They will however allow e-commerce. Fancy that? They outlaw MLM and Network Marketing, but allow e-commerce.
Infact, the Central Government of China recently provided my company with the distinctive honour naming us
"The Top Potential New E-Commerce Brand in all of China"

That goes to show, you can call something whatever you want. It doesn't make it so. Just as a rose by any other name would smell just as sweet, a pyramid called an MLM is still a pyramid. You cannot make a silk purse out of a sow's ear. What matters is not what you call it, but rather how it operates. Our company operates the same way in North America as it does in China, and despite MLM being illegal in China, they not only do not have a problem with us, ...they have granted us one of their country's most prestigious honours.

Quote
Do you all still have 'HL' over there in the land of the free ??

Yes, Herbal Life exists in the USA, however, there are rules & regulations that must be complied with in order to operate in North America. Those same rules & regulations are not applicable in other markets.

For instance, it is against acceptable policies & procedures to reveal income in North America, and most MLM companies now put strict rules in place in their distributor agreements barring distributors from revealing their pay cheques. Those same regulations do not exist in other markets where distributors freely photocopy their cheques and include them in the information packages and brochures they leave with prospects.

It's really too bad, because I know many extremely successful network marketers, myself included, who would not be in the industry today, were it not for the ability to at one time verify someone's cheque. LOL. Back in the early 90's, that was what many of us did.... we photocopied our cheques every month. It allowed us to show prospects what we were accomplishing, and they could see the progressive results of our steady, disciplined, commitment over time. Ahhh the good ol days. Unfortunately, you have those who expected to buy a distributor kit, and make $10,000 / month right out of the gate. They weren't even making that in their professions that they spent thousands in University to learn. They spent thousands on an education, ...books, tuition etc, worked in their professions for maybe 5+ years, still weren't earning a 6 figure income FULL TIME, ...yet expected to achieve that in a brand new industry within which they had no training, or experience, ...and accomplish this inside of 90 days on a PART TIME basis.  Undecided How realistic is this?  Huh And when they don't achieve this in 90 days, they quit in frustration and disgust, ...claiming they were ripped off or scammed. It is because of people like this that network marketers are now restricted from revealing their incomes. It is the equivalent of the "Do Not Use Internally" warnings and disclaimers to be found on cans of Drano drain cleaners.  Grin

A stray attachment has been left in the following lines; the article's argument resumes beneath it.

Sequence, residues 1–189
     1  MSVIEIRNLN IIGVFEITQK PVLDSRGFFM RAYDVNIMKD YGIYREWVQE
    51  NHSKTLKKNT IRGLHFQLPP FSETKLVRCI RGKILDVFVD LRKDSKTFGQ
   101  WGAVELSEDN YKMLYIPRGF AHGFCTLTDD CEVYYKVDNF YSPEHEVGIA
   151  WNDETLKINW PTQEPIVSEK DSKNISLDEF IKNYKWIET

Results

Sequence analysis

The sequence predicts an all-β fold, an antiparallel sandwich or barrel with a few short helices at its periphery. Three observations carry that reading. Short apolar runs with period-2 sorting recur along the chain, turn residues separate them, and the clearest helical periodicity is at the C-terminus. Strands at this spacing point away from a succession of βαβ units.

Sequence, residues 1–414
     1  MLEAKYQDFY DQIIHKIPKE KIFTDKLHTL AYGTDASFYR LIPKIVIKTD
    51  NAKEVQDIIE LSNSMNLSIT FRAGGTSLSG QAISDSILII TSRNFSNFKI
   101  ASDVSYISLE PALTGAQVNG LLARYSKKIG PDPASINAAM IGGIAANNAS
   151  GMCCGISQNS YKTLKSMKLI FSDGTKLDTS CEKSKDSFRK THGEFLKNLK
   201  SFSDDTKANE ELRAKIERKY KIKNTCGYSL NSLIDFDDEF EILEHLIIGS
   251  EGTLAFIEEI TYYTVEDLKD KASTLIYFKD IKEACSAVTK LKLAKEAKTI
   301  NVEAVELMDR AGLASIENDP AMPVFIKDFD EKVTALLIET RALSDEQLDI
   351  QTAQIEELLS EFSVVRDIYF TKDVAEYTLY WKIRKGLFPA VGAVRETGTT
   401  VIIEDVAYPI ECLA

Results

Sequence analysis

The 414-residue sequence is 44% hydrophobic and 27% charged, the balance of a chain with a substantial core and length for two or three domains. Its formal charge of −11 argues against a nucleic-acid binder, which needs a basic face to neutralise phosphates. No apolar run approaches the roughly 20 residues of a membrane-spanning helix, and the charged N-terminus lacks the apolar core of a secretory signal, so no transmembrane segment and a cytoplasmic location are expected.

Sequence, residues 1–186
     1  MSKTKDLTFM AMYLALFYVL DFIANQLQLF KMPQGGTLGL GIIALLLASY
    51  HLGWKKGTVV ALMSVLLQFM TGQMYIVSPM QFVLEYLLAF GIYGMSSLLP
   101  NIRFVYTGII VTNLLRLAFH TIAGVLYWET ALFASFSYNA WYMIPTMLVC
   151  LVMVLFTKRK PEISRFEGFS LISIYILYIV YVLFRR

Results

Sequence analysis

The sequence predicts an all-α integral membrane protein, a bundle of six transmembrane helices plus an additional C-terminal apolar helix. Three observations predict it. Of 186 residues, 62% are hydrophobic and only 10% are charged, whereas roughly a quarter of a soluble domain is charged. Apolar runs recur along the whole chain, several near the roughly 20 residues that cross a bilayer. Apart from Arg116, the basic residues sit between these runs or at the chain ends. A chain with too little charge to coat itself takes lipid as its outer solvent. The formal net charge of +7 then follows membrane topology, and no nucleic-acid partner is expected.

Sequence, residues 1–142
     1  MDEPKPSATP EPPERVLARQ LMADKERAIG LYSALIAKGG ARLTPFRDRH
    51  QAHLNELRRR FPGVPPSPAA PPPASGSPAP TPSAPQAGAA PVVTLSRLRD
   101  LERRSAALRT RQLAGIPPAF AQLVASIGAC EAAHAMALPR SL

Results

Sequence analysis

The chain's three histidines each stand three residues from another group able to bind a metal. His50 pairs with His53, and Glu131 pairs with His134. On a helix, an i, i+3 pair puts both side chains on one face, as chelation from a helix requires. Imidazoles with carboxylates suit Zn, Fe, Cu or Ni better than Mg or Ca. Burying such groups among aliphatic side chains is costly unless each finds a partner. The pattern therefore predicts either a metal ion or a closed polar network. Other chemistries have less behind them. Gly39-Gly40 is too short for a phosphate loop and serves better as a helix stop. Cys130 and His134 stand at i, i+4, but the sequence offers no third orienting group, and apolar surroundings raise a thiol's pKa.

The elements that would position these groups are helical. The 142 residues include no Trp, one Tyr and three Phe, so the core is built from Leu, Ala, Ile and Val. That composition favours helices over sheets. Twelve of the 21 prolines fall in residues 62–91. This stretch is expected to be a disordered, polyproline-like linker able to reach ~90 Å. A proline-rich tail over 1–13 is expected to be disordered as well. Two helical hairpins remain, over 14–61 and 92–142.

I can tell you myself and many others were haunted by some of those cheques. And in the beginning when we first started out, and were easily discouraged, the upside potential was enough to keep us in it. The type of freedom, lifestyle, and financial independence success in this industry brings was enough to motivate many of us to learn the business and how to succeed with it. I remember the first time I saw a cheque for $100,000 back in 1986. I didn't understand the principle of leverage, and calculated that I had to sell the product at the rate of 1 sale every 19 minutes in order to earn a $100,000 annual income. I immediately dismissed it as unachieveable. lol. At the time, my limited mentality thought that was an annual income, ...my frame of reference at the time couldn't even perceive of that as being a monthly income which it had been. I think if I had been told it was a monthly income, I probably wouldn't have even taken the time to calculate how many retail sales I would have needed.